In the meantime, Aspire and charter school lobbyists have been putting more pressure on the city and school district. For example, on May 24 the California Charter Schools Association issued a press release calling the claim that OUSD wasn’t aware of Aspire’s efforts to purchase the city land “unfounded.” Maxwell Daigh, a regional director with the Charter Schools Association, stated in the press release that in 2014 OUSD’s board approved a resolution that authorized Aspire to seek funding for a new campus.

“It’s irresponsible for publicly elected OUSD school board members, accountable to the families they serve, to mislead the Oakland community by spreading misinformation about Aspire’s plans for expansion,” Daigh said in the press release.

But OUSD officials contend that the 2014 vote wasn’t an authorization to build a new campus in a new part of the city and dramatically expand enrollments.

“This document is a compliance document we are required by the state to submit when we don’t have any vacant campuses for charters to occupy,” OUSD director Shanthi Gonzales wrote in an email to the Express. “It was by no means intended to serve as a blessing to open a larger school without consulting with the school district.”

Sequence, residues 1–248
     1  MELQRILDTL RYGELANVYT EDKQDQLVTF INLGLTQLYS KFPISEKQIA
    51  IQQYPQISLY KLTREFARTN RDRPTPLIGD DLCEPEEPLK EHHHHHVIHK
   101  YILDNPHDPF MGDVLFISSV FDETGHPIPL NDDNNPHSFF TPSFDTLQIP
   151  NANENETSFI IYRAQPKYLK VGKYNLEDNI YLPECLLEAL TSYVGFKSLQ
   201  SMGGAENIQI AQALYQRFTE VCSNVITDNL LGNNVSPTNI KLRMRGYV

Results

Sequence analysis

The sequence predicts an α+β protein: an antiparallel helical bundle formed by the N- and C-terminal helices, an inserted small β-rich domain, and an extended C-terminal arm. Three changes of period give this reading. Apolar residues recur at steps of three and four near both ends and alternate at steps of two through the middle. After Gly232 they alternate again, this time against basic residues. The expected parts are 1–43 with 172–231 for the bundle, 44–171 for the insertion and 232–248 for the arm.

Other school board members appear to be siding with Aspire, however.

At last week’s board meeting, two OUSD directors made it clear that they’re not opposed to the city’s land deal with the charter school. Director James Harris said that weighing in on the sale of city land to Aspire is not within the district’s “purview” because it’s a transaction between another government agency and a charter school.

Director Jumoke Hinton-Hodge also criticized some of her fellow board members for opposing the city’s land sale to Aspire, and she motioned that the board postpone voting on the resolution until receiving legal advice about the threatened litigation from Aspire.

The school board’s attorney, Marion McWilliams, responded during last week’s meeting that she wasn’t worried about Aspire’s letter. “From a legal perspective, I’m not concerned if you vote tonight,” she said.

But despite this assurance, the board voted to postpone. Only director Shanthi Gonzales voted against postponing.